You will see at high frequencies the differential stage will have to deliver quite high levels. So a short fast signal at the input of the amp can drive the INPUT stage to clipping. TIM distorsion means transient intermodulation distorsion...... Even without hard clipping of the differential the distorsion of the input stage will increase with
the required signal level....

You see in frequency compensation, you cannot win.
You will always loose in one or the other way....


Don´t worry, these poor looking values are not a special
drawback of your amp. They are normal in most amps.

Many OP amps have the dominant pole even much lower than
1kHz.....

Bye Markus
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Old 19th April 2004, 02:28 AM   #17
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Quote:
....is there a reason why you don't want to set the 5k6 down to 560 ohms in combination with 100pF....?
Why would you prefer a jumper and 100pF?
I'm just going by what has made an impriovement in my bench experiments.

Seems that if I use 100pf and 560 ohms...providing the same pole frequency...that I haven't gained anything. I also agree that a 100pf cap is a little large. The alternative would seem to be a compromise...perhaps a 47pf cap instead. Adjusting the resistor value would mean putting in a 1.2K resistor instead of the 5.6K, but I do not have the caps here to attempt this.

I'll order several different sized caps and see what they do.
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Old 19th April 2004, 02:42 AM   #18
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Quote:
Originally posted by EchoWars
No problem guys...

... At this point, all transistors are original except the input pairs, and the final output devices.

Just a thought:
I see that you have done a lot of trials w/o getting the performance of the working channel but have you looked at the input pairs transistors... This is not neglectable. I noticed that the scjematics includes a compensation cap at Q1. This cap value may not be appropriate for the new transistor?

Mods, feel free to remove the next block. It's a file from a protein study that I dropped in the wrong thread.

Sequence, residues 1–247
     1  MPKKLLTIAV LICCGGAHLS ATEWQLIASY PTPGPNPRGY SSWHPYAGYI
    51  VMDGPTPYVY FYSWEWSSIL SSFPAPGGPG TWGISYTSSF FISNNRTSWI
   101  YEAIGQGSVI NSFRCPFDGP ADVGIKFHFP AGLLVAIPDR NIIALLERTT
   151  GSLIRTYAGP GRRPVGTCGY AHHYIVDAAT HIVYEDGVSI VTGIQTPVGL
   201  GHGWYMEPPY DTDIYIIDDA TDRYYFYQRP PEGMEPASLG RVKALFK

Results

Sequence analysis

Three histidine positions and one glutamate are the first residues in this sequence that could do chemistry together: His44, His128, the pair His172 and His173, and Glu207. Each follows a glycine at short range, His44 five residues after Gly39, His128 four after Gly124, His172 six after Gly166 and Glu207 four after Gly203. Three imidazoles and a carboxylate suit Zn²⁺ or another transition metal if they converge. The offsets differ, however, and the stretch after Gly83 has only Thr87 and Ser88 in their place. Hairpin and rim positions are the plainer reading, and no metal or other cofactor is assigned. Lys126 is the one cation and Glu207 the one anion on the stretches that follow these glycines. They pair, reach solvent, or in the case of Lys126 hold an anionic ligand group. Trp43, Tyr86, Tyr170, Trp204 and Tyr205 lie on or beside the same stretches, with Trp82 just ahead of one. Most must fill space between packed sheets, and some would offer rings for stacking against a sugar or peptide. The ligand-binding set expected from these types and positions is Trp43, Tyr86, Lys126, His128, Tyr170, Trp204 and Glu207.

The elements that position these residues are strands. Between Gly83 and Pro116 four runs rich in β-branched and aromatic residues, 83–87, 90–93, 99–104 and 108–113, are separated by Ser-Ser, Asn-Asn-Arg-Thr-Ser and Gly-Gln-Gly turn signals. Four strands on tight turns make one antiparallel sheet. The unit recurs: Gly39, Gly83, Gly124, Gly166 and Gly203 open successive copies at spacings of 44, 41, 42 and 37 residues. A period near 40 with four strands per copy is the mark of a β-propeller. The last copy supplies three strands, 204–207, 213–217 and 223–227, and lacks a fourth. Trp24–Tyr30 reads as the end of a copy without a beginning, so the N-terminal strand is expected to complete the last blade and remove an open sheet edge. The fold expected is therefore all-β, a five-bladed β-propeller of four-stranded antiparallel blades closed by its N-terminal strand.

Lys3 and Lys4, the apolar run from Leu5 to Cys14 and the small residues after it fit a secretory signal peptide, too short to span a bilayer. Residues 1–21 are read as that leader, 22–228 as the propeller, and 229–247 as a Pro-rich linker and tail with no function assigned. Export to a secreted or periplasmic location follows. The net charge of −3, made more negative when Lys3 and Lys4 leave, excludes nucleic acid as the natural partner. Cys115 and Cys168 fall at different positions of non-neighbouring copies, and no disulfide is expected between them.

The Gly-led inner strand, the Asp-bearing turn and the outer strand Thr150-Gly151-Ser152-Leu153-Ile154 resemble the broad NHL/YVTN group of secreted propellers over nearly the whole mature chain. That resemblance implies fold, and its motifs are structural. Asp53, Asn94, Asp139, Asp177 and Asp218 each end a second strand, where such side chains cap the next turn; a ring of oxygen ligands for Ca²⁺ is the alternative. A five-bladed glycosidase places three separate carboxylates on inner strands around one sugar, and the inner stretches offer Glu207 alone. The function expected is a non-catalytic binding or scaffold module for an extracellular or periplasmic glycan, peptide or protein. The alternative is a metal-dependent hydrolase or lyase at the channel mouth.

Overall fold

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Old 19th April 2004, 02:57 AM   #19
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The Zetex transistors I used as replacements are rated at 100MHz ft just like the original 2SA726 ones. I have also added another compensation cap to Q1, and it changed nothing. The key here seems to be compensation on Q5 and/or a compensation cap across the feedback resistor.
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Old 19th April 2004, 08:12 PM   #20
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Hi Echo!
100pF and 560 Ohms or 10pF and 5k6 is not setting the pole.
This time constant is setting the frequency above whitch the compensation network will stop it's influence (about 2.8MHz).
The pole is given by the driving resistance (mainly R9) and C7 and the
low frequency gain of the VAS (resulting in some single kHz).

But in fact, I would expect that you do not observe a major influence
if you use 560 Ohms or a jumper....